What about going forward? Well, who am I to predict the future, but one thing that does make it easier to predict is when you are told what it is going to be. The Fed said they are keeping rates look for 2 years. There’s little to think that the economy could accelerate so quickly as to put the Fed’s word in doubt. I think its safe to say that’s Gramercy’s extremely low cost debt funding train is going to continue.
Below is what 3 month LIBOR has done over the last year.
Looking at the first quarter report, the CDO paid out $1.5M in interest to the tranches not held by Gramercy. That means that they are paying an annualized $6M interest in return for the access to $900M of capital.
When you think about what’s really going on here you have to admit its a little crazy. Compare what Gramercy is getting capital for to your typical high yield industrial company (think Tembec and their issue of longer term debt at 9+%). Gramercy is getting a tremendous deal here. And its all non-recourse.
In CDO-2006 Gramercy owns the J and K notes, as well as the preferred. These would be considered to be the equity level tranches. The J and K notes pay higher interest than the senior tranches at about 3.5% and 7%, but it is the preferred that is the real money maker. The preferred keeps all the excess interest beyond what needs to be paid to the more senior notes. When you are investing $1B in real estate and pay out less than 1% for that capital, there tends to be a lot of excess interest.
Below are the interest payments to the J, K and preferred for the March quarter:
The CDO paid out $7.6M in the quarter to Gramercy in the first quarter. About $30M annually.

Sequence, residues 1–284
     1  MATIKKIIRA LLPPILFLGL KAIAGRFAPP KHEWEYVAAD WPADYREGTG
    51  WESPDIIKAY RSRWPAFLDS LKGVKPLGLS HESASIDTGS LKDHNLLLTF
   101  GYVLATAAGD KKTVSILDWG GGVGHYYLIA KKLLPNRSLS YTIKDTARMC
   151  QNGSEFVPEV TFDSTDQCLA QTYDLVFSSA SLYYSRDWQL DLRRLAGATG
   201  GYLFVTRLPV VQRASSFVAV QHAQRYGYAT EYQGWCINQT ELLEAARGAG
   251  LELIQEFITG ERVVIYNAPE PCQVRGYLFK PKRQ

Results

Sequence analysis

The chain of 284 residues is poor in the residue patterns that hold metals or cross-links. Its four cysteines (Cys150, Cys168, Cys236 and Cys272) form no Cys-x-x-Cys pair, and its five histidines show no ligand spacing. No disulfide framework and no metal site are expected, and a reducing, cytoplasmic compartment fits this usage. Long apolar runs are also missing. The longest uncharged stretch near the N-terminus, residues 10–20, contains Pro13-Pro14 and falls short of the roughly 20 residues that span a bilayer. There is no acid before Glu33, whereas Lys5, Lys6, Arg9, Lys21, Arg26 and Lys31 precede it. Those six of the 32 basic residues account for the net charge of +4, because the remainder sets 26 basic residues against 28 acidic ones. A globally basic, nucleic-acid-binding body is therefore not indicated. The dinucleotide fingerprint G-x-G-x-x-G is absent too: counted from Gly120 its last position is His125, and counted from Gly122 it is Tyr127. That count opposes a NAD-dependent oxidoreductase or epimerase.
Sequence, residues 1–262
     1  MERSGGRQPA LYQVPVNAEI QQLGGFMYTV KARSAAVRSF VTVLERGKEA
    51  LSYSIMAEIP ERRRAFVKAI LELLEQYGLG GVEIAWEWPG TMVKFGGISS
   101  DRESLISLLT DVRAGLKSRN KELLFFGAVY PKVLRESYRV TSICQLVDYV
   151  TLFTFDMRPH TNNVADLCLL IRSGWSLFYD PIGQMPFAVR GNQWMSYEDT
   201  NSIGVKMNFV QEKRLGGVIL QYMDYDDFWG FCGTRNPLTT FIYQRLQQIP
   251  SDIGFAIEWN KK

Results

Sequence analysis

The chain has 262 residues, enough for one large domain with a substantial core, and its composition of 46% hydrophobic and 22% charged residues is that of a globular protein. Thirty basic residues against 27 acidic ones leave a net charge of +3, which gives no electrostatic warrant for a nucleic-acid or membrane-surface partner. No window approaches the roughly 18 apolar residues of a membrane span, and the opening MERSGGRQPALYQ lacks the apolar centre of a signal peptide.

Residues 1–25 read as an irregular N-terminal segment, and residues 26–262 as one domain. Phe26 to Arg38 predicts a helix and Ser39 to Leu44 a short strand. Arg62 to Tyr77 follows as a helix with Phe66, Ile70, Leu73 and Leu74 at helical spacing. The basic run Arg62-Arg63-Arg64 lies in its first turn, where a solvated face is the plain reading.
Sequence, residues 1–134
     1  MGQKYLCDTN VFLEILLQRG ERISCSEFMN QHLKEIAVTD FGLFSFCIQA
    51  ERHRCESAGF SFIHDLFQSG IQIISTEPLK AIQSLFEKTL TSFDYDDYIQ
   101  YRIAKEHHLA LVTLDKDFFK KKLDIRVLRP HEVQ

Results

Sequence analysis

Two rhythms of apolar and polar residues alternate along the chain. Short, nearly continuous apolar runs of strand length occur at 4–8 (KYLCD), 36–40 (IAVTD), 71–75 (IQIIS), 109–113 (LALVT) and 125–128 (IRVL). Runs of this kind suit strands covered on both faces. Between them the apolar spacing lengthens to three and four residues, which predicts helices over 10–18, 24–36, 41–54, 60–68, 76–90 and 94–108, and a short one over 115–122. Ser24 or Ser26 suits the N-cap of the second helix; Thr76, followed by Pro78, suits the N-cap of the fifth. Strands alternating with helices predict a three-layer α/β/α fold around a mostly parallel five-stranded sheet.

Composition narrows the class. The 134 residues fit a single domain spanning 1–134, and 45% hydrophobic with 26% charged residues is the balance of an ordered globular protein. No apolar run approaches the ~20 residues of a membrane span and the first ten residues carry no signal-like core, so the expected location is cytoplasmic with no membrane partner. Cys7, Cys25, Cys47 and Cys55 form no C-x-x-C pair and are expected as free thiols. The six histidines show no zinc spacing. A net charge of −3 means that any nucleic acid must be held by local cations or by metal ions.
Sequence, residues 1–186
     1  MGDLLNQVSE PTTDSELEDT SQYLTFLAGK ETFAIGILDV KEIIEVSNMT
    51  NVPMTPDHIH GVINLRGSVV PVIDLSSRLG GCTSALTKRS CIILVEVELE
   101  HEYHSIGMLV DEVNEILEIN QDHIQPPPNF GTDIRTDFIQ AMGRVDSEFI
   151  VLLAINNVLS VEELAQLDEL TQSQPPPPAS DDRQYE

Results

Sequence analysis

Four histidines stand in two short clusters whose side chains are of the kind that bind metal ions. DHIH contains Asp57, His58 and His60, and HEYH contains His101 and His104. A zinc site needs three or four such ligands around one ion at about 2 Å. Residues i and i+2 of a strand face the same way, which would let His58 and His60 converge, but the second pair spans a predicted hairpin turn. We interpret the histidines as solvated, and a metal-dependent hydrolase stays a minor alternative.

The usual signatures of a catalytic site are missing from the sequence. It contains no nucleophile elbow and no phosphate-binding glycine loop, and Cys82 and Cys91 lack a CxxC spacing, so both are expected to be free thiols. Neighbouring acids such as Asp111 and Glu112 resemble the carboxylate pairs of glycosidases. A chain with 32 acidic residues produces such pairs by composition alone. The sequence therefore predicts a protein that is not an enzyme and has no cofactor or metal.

One thing that is worth pointing out is that the CDO delivered these returns while holding $158M of its assets in cash. For the sake of interest, lets just do a back of the napkin calculation of how much more interest the company could generate if they put that cash to work at similar interest rates to the assets they already have.
Total interest distribution was $9.1M on total performing CDO assets of $881M. So interest was an annualized 4.1% of assets. The $158M of cash at 4.1% would generate another $6.5M per quarter. All this would go straight to the preferred. So potentially, the 2006 CDO has the opportunity to almost double its return to Gramercy.
Moreoever, my understanding is that a lot of CRE loans are closer to the 6% range. So a 4.1% assumption is likely quite conservative.
At any rate there is the potential to make a lot of money from CDO 2006.
There is however, a limited amount of time forthe cash to be invested. Both CDO-2005 and CDO-2006 are structured such that there is a window in which new cash (from principle payments) can be put towards new investments. After this period ends, once a loan is paid back the proceeds need to be used to pay back the note holders, starting with the most senior first. For CDO-2005 that time has passed. For CDO-2006 that has passed as well, but it passed in July of this year. So we don’t know yet what investments Gramercy has made with the cash. Hopefully its something that pays good interest.